It’s no secret that Griffith Park is the site of many iconic moments in celluloid history. James Dean’s knife fight in the Observatory parking lot over which the Rocketeer once soared… Marty McFly being chased on a hover-board by Biff Tannen through the same tunnel that was the entrance to Toon Town… The earthquake that helped Robert Downey Jr. and Tim Robbins cover up the murder of a date (in the Robert Altman film, Short Cuts)… With so many landmarks dotting the Griffith map, it’s not a stretch to say that the park itself is a piece of film history.
Even one of the permanent “parks within the park,” Travel Town, was the location of a scene from The Jerk, in which Steve Martin, the engineer of a miniature steam locomotive, pays the price for focusing more on Bernadette Peters than the train of which he’s in charge, and ends up having to “rescue” the brat she’s babysitting when he commandeers it. The mini-steamers are permanent too, and though new tracks, tunnels, bridges, and buildings have been added to the Travel Town grounds, little has changed since Carl Reiner (the film’s director) yelled, “Cut!” The train ride is one of two mini-steamer lines (the other being the Griffith Park & Southern Railroad) that, with very rare exceptions, operate daily in the park, and have for decades.
Every Sunday (with the exception of Memorial Day weekend and the first weekend in October), local miniature train enthusiast organization, the Los Angeles Live Steamers, adds more rails to ride, offering donation-only spins around the huge LALS complex – just slightly east of Travel Town. At the suggested donation price of $3, it’s both reasonable, and a nice way to spend a lazy Sunday. A lot of TLC has gone into producing an experience that shows the general public just how fun the miniature train hobby can be, while showcasing some of Griffith Park’s most beautiful real estate.
At the far east corner of the property, just across from a functioning steam plant, is the “Crown Jewel,” of LALS’s section of the park, Walt Disney’s Carolwood Barn. Maintained and operated by the Carolwood Historical Society, the Disney Barn – much like Winnie the Pooh’s fabled “Thinking Spot” – was Walt’s private space, where he came up with ideas for his parks and films as he worked on his hobby, nay, his passion, model trains and railroads. If you didn’t know, the Disney family property included, for many years, the Carolwood Pacific Railroad, which ran through the 5-acre Holmby Hills estate. It was moved to Griffith Park in 1999, when, because of asbestos concerns, the current owner of the property was forced to demolish most of the Disney house.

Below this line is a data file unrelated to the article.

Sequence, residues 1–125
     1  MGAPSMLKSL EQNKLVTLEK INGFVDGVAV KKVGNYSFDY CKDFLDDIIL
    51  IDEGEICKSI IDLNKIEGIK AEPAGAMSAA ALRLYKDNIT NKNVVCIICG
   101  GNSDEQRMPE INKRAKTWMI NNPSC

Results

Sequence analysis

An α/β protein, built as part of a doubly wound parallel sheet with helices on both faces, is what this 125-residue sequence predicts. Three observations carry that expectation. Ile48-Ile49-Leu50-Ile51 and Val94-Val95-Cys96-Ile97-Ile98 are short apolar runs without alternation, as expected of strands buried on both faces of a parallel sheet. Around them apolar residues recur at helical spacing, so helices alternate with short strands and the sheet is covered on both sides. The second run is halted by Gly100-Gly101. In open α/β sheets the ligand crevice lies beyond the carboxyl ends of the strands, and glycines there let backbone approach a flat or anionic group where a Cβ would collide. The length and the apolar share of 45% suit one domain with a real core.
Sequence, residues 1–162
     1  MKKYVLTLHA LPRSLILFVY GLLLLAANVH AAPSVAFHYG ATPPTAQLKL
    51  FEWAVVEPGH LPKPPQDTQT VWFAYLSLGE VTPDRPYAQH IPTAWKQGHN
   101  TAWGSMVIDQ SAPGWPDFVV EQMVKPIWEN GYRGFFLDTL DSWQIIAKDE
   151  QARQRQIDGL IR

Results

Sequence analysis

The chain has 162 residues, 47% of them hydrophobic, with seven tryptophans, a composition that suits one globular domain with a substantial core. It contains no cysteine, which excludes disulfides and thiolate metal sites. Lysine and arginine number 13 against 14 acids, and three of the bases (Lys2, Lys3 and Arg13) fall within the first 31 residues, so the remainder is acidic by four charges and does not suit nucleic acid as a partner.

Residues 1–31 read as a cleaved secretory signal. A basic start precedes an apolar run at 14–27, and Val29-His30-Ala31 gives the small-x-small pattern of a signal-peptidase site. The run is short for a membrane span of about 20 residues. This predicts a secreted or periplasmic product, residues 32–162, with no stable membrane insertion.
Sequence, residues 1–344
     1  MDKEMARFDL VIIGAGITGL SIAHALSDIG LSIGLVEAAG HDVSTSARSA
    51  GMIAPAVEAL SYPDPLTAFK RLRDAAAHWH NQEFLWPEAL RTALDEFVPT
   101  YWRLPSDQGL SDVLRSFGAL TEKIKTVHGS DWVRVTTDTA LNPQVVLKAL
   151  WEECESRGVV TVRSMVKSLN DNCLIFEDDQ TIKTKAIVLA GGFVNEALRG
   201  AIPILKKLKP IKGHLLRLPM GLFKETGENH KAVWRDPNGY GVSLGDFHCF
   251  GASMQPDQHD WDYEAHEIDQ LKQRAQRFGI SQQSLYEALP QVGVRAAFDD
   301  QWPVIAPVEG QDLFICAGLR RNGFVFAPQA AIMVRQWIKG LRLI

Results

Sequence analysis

Billed as “the birthplace of Imagineering,” the barn is where Mr. Disney got one of his first inspirations for Disneyland: an amusement park with a scale train running along the perimeter. In the late 40’s – after a trip to the Chicago Railroad Fair, he’d gotten into model trains as a way of relieving the stress of being a studio head. The barn is a scale replica of a set piece from one of the lesser known Disney features, So Dear to My Heart, designed by Disney and based on his recollections of the barn from his childhood home in Marceline, Missourri. One could even say that the barn is the flashpoint of all things Disney in that, as his favorite place to play as a boy, the Marceline barn was where young Walt nurtured his imagination with activities like putting on a circus for his neighbors.
In terms of space, it is only one room, and relatively small – in a sense, one of the world’s first “Man Caves.” A guided tour with a docent takes about 15 minutes. However if you have the desire to hear more information and stories, the volunteer staffers will gladly indulge you. Despite close quarters, and a healthy population of visitors, it’s not very crowded at all, yet the space is packed with Disney memorabilia, both from Walt’s personal collection, and Disney Studios/Parks. In the very near future, another permanent piece of Disneyana will be added to the permanent installation: a fully restored car from the first train to give “Grand Circle” tours around the park from 1955 to 1974.
The Walt Disney Barn is open to the public on the third Sunday of every month from 11 a.m. to 3 p.m. Like LA Live Steamers, admission is on a donations-only basis, so if you can give a little, it’s well worth the modest requested contribution – and if, like a lot of folks these days, your wallet is light, and you need every cent you can keep, nobody will glare at you in resentment. There are a limited number of picnic tables, and plenty of shade. Additionally, on select Saturday nights during the summer, they screen classic movies on the side of the barn. [BYOC – or “Bring your own chair.”] For more information on the Disney Barn, and the Carolwood Foundation, please visit the Carolwood Rail Road Company homepage.